A: Not at all! This sounds like a reasonable agreement, and it’s perfectly normal to find the idea of a prenup both reasonable and overwhelming. You’re not trying to back out of anything; you’re just experiencing pretty understandable pangs of sadness and fear as you discuss the possible end of your marriage before you begin it. (Also, if you get a little weepy in his lawyer’s office—so what? She’s a professional; she’s not going to melt under the weight of a few tears.) Since you two are spending a lot of time carefully considering your finances before your wedding, consider spending some additional time carefully examining your emotional connection in premarital counseling. That’s not to say you should demand premarital counseling as your version of a prenup, simply that you two are about to take a huge step together and seem to have fairly different ideas about how to talk about difficult emotions. Consider both the prenuptial agreement and the counseling to be investments in the long-term health of your marriage, and good luck.
Q. A nurse, who is male: I am a nurse who is male. Not a male nurse (that term is considered offensive). I have been married for over a year. When we were dating I got the feeling my now wife wasn’t too thrilled with my job choice. She teased me about it, saying things like how I must really have wanted to be a doctor but didn’t have the brains. I talked to her about it. I told her that I never wanted to be “more than” a nurse, and to be able to take care of people had been my dream for years. Medicine is too hands-off for me, and I never even thought of that route. She apologized and said she understood, and the comments stopped. She even seemed to appreciate what I did. Now that we are married the comments are starting again. Last night she was on her laptop and called me over. She pointed out an APN program at a local college and said, “If you can’t be a doctor, you can at least be better than an RN.” I told her that I had no interest in an advanced degree. APNs take on a physician’s role, which is not what I want, or work in administration, which is also not what I want. All I want is to be a bedside nurse, taking care of people to the best of my ability.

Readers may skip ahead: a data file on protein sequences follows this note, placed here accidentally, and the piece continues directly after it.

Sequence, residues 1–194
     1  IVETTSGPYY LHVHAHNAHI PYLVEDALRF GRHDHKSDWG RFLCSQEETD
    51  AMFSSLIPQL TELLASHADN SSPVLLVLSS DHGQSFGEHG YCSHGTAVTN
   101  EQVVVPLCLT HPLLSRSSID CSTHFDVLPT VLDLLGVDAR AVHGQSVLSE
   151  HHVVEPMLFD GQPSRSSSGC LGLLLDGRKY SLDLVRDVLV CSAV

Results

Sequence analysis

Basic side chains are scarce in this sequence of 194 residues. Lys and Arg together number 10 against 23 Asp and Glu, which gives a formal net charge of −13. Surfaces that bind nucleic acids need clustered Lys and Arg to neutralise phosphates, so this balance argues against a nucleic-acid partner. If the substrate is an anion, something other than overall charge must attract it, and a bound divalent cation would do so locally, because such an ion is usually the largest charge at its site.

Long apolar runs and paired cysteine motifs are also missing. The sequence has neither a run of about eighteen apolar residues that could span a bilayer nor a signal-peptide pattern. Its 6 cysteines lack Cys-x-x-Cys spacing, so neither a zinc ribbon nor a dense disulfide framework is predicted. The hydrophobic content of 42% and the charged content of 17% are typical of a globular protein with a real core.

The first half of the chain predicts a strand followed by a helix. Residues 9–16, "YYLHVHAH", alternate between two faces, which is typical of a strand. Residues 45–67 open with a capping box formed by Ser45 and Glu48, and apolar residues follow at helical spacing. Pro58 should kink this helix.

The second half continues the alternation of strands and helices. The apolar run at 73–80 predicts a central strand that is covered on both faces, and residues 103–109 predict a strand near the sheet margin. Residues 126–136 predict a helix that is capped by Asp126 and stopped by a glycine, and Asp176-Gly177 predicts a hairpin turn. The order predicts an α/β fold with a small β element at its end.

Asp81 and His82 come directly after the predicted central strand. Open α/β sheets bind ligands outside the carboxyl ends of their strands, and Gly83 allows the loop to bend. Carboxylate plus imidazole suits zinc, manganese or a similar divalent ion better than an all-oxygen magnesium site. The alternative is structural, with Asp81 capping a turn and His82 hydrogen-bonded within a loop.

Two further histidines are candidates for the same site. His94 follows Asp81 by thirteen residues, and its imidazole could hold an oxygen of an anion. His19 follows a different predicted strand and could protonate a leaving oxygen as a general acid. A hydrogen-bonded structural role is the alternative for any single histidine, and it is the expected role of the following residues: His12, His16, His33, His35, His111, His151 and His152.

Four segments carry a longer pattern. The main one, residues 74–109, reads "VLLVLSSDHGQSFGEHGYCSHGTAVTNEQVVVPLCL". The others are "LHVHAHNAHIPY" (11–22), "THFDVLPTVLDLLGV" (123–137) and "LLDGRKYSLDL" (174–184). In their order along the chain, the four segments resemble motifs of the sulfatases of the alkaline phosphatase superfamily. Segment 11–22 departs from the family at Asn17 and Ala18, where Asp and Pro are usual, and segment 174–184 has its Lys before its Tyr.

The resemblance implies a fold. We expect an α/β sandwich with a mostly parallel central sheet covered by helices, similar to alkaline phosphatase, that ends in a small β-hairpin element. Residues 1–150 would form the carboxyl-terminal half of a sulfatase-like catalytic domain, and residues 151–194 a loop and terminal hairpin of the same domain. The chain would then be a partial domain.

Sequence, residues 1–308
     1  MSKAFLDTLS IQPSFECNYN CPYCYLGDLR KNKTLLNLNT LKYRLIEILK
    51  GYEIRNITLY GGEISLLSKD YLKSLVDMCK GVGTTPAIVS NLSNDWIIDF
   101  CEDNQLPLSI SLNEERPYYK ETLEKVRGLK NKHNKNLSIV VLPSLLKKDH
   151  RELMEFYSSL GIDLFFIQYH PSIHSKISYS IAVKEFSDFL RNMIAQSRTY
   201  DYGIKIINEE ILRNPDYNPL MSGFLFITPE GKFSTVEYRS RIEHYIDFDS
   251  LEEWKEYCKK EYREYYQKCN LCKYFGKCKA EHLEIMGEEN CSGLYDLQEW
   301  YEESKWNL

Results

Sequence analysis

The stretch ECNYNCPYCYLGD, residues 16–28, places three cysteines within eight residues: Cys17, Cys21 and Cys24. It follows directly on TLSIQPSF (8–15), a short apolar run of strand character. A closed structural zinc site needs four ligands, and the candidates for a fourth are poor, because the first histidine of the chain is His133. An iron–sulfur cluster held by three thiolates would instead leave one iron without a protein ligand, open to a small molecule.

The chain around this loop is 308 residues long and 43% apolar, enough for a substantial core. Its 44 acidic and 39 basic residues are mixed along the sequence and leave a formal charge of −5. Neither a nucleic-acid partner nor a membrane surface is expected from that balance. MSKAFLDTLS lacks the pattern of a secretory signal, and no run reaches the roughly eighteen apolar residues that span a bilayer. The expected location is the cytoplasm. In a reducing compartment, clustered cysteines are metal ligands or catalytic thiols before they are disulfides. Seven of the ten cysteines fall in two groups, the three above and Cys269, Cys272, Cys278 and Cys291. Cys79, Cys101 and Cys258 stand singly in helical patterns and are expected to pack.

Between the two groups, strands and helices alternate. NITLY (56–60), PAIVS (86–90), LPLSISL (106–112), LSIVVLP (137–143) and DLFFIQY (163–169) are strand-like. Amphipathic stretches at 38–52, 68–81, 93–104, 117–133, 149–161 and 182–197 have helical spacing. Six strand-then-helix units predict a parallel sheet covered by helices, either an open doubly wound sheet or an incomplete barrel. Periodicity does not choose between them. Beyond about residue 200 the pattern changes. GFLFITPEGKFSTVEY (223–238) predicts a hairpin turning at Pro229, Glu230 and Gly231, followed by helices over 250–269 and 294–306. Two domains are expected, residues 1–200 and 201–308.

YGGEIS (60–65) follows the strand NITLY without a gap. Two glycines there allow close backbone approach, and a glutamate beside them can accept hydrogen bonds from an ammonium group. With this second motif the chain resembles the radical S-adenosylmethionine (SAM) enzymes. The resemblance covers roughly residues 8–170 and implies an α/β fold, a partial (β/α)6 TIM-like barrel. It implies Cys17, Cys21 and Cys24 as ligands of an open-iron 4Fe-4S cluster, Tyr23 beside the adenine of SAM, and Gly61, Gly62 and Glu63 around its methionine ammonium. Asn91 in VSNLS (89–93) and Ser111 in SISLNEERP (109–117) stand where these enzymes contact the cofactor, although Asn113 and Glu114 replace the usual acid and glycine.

A: Your wife is really gunning for this year’s “Most Unequivocally Awful Thing a Spouse Has Said in Dear Prudence” award. To suggest that nurses are just failed doctors is dismissive, thoughtless, totally out of touch with reality, and in your wife’s case, sexist as hell. (Also, I’d love to know what her job is that allows her to dismiss RNs! Is she Jacques Bérès or one of the other founders of Doctors Without Borders?* Because if not, that’s a little hypocritical—and actually, I’d imagine the founders of Doctors Without Borders have a healthy appreciation for nurses.)
Let’s hope that in every other aspect of married life she’s a gem and a delight. Regardless, these comments display a lack of respect for you, your choices, and the work you do every day, and you don’t have to put up with them. Tell her, “I’ve been a nurse since before I knew you. My job never came as a surprise to you. I’ve told you I find it personally fulfilling, well-suited to my abilities, and allows me to take care of other people in a way that makes me profoundly satisfied. I’m really sorry that that bothers you, because you’re missing out on a significant opportunity to be happy for your partner. You might think nursing isn’t a ‘good enough’ career for me, but I love it and have no desire to become a doctor, an APN, or anything else. I’d like you to drop the subject, and try to be happy for me.”
Q. Re: Emotions surrounding prenup: The feelings are not unreasonable, but I also don’t think the fiancé is unreasonable for wanting to have a prenup if he has previous negative experiences with divorce. The best course is to hire your own attorney to help you negotiate the process, negotiate with the spouse, and protect any assets that YOU bring to the table.
Also, this is an excellent opportunity to ensure that already existing children (both his and yours, if applicable) are protected in the event of a divorce. It’s also an excellent opportunity to ensure that everything else is in order, including your wills, your advanced medical directives, and your powers of attorney.